TED Conversations

Reza Ghiabi

Organizer @ TEDxTehran, TEDxTehran


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"Even a broken clock is right twice a day. " Is it really right?

So I posted this quote as my google statues and my friend had an Idea:
"Unless you don't have a reliable standard to compare that clock with, it is useless to consider this fact that the clock might be right 2 times. Clock is a measurement instrument with which you measure something else, so if you wan't to verify it you need another clock which works 100% correct"
What do you think? Shouldn't we consider that maybe others can be right sometimes? How can we define this "standard" that my friend mentioned?

Topics: philosophy

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    Jul 4 2013: So from your clock metaphor, predicting something correctly once or twice should not lead us to conclude that the model used to make those predictions is reliable. It might be just like a broken clock.

    I don't think we can expect any source to be 100% reliable, but we can increase our confidence in conclusions when multiple independent sources using different methods agree.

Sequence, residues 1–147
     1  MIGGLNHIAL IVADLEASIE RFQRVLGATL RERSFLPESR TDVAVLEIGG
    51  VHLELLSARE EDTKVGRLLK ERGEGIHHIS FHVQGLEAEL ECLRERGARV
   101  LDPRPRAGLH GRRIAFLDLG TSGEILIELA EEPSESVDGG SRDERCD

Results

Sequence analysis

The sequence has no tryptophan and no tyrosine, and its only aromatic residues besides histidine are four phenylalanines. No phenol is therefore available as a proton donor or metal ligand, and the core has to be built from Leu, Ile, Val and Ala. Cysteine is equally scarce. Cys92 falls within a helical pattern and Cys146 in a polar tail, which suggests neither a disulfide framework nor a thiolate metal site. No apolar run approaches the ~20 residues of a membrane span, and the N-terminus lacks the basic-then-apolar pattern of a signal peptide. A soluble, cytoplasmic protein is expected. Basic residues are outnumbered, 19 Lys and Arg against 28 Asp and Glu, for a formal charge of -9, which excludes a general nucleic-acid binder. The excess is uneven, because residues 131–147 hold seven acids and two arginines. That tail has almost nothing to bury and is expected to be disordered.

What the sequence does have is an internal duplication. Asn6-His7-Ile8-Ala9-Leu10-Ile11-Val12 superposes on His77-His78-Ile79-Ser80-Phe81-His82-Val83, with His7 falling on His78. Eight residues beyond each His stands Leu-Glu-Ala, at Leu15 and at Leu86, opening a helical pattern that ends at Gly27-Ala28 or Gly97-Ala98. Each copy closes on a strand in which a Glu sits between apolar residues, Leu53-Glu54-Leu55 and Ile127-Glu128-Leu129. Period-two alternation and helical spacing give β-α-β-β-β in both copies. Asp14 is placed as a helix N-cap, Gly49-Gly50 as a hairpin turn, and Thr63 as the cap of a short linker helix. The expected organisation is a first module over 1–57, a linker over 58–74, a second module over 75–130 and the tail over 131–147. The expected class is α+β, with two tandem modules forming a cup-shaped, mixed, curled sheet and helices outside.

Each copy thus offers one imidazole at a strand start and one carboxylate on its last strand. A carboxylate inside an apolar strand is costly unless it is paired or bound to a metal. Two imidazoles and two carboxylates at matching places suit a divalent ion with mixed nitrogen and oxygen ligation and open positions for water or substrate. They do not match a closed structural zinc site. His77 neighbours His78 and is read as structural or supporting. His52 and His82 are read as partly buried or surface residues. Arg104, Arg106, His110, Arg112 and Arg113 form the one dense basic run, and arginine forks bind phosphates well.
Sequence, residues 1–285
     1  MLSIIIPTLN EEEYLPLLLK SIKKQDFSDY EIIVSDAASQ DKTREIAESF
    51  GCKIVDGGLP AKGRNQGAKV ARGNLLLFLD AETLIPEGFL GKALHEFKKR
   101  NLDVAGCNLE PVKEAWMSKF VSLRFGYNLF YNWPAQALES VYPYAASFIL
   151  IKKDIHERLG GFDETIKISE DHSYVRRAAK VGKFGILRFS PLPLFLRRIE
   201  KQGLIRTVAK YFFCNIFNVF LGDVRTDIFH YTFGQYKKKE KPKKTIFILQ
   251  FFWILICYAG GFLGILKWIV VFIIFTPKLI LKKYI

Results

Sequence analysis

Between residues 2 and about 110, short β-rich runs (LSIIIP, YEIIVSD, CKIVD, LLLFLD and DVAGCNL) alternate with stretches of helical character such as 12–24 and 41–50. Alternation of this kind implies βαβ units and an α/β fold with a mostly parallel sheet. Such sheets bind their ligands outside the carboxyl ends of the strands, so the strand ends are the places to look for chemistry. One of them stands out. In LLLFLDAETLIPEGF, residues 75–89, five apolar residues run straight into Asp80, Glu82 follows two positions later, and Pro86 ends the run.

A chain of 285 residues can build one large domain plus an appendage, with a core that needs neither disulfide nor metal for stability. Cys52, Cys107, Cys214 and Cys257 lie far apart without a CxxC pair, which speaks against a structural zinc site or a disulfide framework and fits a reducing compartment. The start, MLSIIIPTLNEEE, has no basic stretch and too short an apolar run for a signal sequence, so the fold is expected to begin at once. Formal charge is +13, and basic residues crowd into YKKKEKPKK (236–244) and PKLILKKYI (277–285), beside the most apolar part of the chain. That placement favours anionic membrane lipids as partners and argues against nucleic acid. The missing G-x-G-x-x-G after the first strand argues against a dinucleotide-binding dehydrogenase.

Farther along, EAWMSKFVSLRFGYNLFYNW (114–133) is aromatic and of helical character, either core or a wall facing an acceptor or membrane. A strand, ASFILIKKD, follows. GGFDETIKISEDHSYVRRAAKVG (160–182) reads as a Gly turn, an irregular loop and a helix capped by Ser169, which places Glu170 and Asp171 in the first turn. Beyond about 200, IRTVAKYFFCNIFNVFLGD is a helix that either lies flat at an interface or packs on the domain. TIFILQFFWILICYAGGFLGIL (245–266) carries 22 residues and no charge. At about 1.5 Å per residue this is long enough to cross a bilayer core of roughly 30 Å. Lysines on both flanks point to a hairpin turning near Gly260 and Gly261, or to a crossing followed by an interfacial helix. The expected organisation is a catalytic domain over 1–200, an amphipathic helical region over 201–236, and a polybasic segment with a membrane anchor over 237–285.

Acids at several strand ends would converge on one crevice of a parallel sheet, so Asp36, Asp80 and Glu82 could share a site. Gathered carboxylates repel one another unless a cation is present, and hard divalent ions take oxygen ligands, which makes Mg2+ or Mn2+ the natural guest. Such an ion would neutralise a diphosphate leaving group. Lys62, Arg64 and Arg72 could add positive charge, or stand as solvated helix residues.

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      Jul 5 2013: Thank Fritzie, I think what you are emphasizing here is "system's reliability". And you are suggesting that we can increase system's reliability by multiplying our sources.
      There are systems like human being judgment system that have limited sources. When the time is limited and we are making a decision, like in our day lives, we can only rely on our feelings. Can you describe some more about this "reliability"?
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        Jul 5 2013: I am not offering anything unusual here. If you are inquiring into a matter for purposes of making a judgment, it is wise to consider more than one person's point of view or understanding of the matter in situations in which no individual might be considered fully reliable or unbiased.

        We typically act in almost every circumstance with incomplete information.

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